People Are Talking A Lot These Days (As Always)

The biggest obstacle to achieving one’s goals is that the path to them is lined with doubts, lies, bullshitters and many other things that distract the ambitious wanderer. The longer the path and the further away the goal, the more difficult it is to stay disciplined.

Investing has never been so easy

Investing has never been as easy as it is now. There are opportunities everywhere to build up a small fortune through investments with little capital. Discount brokers offer low fees and the internet provides us with a wealth of content to help us make our investment decisions. Platforms such as SeekingAlpha, YouTube or Twitter not only give us the raw data, but also a breakdown and evaluation by “experts”.

In some cases, we no longer have to think for ourselves, but can even copy the behavior of other investors or traders one-to-one. This enables us to participate directly in the knowledge and good performance of these investors and often, we only have to pay an insignificant amount as a commission and fee.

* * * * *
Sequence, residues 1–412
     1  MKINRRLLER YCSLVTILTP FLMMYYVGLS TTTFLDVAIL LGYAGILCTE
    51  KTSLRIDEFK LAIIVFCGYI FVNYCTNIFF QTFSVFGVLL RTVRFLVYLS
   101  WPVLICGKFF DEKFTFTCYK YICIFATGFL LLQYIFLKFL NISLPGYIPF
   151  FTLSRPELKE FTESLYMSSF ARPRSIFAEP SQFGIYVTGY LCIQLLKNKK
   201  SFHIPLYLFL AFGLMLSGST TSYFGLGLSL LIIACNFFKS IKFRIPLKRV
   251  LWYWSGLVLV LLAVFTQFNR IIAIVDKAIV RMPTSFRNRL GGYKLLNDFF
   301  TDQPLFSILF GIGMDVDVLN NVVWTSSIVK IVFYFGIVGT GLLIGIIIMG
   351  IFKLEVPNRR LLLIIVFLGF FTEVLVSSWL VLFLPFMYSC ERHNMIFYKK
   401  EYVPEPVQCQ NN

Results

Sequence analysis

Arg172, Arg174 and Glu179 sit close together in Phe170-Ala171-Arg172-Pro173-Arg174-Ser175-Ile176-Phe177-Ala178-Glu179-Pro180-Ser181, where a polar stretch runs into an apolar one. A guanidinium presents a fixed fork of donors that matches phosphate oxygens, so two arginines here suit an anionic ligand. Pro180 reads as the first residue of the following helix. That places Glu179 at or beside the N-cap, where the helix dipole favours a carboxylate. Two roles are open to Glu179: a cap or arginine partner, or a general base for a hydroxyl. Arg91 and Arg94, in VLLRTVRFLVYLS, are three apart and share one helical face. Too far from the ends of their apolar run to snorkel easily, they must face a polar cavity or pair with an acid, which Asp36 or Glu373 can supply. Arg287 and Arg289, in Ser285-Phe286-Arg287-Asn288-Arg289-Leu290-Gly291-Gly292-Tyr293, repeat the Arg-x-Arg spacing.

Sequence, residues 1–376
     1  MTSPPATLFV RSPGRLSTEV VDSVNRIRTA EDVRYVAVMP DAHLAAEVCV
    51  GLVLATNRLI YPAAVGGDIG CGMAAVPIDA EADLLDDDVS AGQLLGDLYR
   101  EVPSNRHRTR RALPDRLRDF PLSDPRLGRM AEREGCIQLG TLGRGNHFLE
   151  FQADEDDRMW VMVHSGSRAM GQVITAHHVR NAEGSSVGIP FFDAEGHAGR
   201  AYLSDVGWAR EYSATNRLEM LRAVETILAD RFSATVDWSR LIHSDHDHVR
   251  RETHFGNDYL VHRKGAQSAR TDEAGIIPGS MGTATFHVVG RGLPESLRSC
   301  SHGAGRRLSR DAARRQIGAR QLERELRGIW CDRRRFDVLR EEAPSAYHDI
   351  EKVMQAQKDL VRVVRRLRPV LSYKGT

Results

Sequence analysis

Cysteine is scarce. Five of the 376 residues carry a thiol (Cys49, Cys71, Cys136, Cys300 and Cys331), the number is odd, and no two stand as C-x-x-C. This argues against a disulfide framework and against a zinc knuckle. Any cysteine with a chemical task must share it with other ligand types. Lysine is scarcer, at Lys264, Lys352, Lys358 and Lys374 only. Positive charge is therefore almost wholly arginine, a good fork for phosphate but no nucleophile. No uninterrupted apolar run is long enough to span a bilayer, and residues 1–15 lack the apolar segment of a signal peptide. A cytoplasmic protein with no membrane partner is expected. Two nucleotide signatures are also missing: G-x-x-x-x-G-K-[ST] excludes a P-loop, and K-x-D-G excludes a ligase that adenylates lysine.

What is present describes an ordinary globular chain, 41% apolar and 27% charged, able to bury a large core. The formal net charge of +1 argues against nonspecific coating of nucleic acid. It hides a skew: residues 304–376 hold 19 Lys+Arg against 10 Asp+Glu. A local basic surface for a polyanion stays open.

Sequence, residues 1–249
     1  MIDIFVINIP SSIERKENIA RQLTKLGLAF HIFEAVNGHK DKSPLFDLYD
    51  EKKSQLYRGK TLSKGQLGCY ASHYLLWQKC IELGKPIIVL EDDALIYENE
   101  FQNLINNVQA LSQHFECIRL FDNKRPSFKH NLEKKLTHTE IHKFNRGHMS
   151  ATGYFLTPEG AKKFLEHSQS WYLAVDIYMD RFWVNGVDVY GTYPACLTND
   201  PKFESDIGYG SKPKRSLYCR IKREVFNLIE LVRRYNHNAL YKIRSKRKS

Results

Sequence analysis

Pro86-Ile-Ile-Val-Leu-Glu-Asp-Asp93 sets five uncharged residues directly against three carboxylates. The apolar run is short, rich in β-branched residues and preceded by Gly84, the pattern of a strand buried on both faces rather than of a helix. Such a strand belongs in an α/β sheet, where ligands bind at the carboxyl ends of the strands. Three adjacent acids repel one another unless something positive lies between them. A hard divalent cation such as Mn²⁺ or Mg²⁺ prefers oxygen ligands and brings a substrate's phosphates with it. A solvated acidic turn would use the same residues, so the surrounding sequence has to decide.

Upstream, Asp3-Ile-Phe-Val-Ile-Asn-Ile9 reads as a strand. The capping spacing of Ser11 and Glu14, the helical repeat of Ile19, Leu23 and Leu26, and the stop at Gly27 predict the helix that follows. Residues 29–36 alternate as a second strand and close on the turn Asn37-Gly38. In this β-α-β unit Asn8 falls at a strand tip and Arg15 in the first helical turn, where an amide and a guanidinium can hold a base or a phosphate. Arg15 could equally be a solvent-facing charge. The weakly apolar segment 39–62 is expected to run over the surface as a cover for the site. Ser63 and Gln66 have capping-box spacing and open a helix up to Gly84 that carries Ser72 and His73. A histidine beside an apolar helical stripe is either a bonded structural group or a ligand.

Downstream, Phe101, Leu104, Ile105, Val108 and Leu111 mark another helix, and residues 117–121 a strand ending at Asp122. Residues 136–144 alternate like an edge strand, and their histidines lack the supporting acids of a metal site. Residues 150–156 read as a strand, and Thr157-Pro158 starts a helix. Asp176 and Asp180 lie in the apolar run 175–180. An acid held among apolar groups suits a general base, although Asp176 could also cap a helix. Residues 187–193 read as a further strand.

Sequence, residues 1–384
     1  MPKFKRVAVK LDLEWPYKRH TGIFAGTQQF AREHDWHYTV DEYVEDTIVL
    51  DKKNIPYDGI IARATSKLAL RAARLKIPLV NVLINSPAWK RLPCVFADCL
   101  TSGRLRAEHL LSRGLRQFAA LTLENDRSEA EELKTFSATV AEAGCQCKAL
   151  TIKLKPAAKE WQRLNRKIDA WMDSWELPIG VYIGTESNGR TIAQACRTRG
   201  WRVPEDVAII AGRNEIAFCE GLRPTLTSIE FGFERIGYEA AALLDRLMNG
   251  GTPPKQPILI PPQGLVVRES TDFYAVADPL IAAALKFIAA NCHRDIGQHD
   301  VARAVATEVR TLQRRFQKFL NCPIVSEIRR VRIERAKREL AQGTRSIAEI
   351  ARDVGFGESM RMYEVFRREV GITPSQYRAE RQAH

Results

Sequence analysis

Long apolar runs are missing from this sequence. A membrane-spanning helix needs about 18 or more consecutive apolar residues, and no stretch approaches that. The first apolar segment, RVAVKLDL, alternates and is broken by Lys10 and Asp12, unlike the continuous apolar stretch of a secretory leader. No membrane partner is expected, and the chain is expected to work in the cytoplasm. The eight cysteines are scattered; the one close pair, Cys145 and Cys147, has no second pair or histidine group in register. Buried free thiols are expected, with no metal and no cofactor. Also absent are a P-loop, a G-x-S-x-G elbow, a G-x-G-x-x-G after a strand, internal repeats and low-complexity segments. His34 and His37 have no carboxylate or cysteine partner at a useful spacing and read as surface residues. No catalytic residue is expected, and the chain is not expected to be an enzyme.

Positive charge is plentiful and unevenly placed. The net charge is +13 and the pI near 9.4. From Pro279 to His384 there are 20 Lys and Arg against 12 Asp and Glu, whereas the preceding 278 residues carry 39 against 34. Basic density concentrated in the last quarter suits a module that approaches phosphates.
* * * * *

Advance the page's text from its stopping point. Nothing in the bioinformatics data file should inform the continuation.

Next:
With etoro’s “copy trader” feature, for example, investors can even automatically copy other traders’ trades. All they have to do is transfer some money to their account. The software then does the rest. Given the wide range of possibilities, there are hardly any excuses for putting excess capital to work for you on the stock market.

I can only encourage everyone to get started

Given this great environment, I can only encourage everyone to invest capital in companies and thus participate in rising profits and a prospering economy. With this blog, I want to show how a simple approach can generate cash flow from dividends over years and decades.